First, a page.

I cottoned on to a key clue early doors that plays out at the midpoint, and picked up a piece of dialogue which provides the main motivation behind everything (though I interpreted it as an arrow pointing in the opposite direction), but there’s so much going on here that even if you pick up four or five things you’re still going to have more than a few decent surprises. It suffers a little in the closing stages from our killer turning out to be mad — maaaaaad, I tell you! — with hefty monologuing and a liberal dose of deus ex machina, but then there’s also a lovely piece of deconstruction after this which sort of undercuts all the tropes that you’ve just been served. It doesn’t quite excuse said tropes, but it’s a keenly wry moment nonetheless.
There are implications that a mystery lies at the heart of Hawthorne himself, and the book jacket promises — and Horowtiz has spoken about — more Hawthorne books to come. I’m intrigued by Hawthorne, it must be said. He has a line in Sherlock-style deductions based on canny observations that are always fun to see played out, but he breaks the archetype by being a deliberately unlikable character in many ways; I’m curious to see where Horowitz takes his ex-policeman for whom “politeness was a surgical mask, something he slipped on before he took out his scalpel”. And this means that there’s a living detective fiction author writing in English whose books I’m excited about!! Man, all he needs to do now is write an impossible crime and my life is complete…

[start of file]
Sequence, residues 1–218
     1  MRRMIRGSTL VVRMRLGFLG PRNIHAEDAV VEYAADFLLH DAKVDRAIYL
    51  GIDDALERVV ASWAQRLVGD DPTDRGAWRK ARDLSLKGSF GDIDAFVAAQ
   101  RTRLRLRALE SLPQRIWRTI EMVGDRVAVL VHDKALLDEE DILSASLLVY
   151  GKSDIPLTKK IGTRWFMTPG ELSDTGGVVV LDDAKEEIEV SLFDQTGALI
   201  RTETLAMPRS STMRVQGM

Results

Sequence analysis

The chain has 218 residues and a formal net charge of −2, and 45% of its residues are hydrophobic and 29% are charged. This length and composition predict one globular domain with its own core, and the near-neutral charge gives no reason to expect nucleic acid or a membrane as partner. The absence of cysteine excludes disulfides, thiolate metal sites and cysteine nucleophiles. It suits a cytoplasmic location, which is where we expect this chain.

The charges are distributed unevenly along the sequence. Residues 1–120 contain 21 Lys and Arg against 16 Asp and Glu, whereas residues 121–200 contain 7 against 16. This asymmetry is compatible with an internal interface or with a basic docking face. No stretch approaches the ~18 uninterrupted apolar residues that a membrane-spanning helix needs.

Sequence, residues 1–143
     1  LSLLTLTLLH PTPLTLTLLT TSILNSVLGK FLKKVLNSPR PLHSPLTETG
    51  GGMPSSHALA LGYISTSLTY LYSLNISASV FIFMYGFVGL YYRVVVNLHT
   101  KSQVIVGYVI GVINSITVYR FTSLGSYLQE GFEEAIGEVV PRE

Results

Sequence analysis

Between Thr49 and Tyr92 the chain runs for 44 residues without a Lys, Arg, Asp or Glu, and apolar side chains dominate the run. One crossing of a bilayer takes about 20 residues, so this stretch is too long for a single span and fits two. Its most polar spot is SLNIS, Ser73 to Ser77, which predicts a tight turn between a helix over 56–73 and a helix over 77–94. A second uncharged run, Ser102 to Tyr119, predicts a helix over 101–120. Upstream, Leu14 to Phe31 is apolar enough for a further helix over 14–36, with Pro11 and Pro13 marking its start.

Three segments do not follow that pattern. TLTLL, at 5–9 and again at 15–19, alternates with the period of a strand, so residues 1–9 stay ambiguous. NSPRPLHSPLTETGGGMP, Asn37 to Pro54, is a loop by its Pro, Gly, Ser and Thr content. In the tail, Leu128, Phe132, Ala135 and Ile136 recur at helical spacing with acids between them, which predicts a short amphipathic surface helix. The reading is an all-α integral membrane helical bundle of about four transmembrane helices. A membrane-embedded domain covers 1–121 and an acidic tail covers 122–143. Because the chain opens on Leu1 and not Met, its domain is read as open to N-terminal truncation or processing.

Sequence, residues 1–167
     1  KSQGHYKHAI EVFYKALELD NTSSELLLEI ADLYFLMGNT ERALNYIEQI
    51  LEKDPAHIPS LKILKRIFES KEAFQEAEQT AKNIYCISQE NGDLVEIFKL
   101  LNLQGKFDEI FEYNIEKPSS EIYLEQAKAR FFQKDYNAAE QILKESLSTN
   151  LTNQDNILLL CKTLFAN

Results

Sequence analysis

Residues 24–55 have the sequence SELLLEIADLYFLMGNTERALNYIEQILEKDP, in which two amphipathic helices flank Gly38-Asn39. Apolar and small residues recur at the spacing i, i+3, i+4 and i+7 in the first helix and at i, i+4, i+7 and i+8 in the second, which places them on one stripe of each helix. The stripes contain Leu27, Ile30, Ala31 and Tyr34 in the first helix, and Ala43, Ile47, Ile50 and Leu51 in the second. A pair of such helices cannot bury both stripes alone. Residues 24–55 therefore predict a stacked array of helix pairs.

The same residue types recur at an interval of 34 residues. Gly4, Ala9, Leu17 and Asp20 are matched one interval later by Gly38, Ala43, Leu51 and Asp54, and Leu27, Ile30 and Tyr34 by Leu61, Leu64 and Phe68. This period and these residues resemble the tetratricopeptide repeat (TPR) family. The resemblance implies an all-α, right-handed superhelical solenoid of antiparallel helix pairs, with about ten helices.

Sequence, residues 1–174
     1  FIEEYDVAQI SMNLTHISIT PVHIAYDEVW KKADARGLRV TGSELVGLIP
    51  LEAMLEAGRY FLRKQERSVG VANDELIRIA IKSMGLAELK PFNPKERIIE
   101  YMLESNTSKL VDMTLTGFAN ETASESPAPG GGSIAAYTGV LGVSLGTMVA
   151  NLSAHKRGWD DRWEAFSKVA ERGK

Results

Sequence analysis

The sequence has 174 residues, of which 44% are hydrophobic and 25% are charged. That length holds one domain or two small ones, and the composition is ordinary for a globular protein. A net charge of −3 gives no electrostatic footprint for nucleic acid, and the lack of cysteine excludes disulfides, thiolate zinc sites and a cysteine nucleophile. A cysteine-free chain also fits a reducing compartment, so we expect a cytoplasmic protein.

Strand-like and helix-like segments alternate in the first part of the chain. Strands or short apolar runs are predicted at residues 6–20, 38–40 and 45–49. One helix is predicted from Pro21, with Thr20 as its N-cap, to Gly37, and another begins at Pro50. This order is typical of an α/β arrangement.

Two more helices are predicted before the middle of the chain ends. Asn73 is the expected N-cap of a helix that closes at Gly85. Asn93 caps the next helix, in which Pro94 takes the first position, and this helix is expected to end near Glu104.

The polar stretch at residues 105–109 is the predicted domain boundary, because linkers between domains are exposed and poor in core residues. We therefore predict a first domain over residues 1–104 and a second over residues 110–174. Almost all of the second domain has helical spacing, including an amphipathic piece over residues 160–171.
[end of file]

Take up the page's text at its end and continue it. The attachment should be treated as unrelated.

Quick question that has nothing to do with the quality of the book itself — what’s with the phone box motif on the cover? I remember there are phone boxes outside the cemetery before the funeral herein, but apart from that I remember no mention of or reference to them in the plot…am I missing something?
Kate @ CrossExaminingCrime: Horowitz gives himself the complicated task of creating a detective figure who has some rather unlikable traits. In turn this complicates things for the reader, who cannot easily categorise the detective, who the reader can enjoy for his Holmes like traits and ability to comically needle Horowitz, but who on the other hand has objectionable views. In a genre where good and bad, can be presented in a black and white manner, especially when it comes to cops and villains, Anthony Horwitz presents a much murkier picture.
For the Follow the Clues Mystery Challenge, this links to last week’s The Boat Race Murder because, er, both have “Murder” in the title…? I can think of no other meaningful similarity they share…
The Horowitz & Hawthorne mysteries:
1. The Word is Murder (2017)
2. The Sentence is Death (2018)
3 A Line to Kill (2021)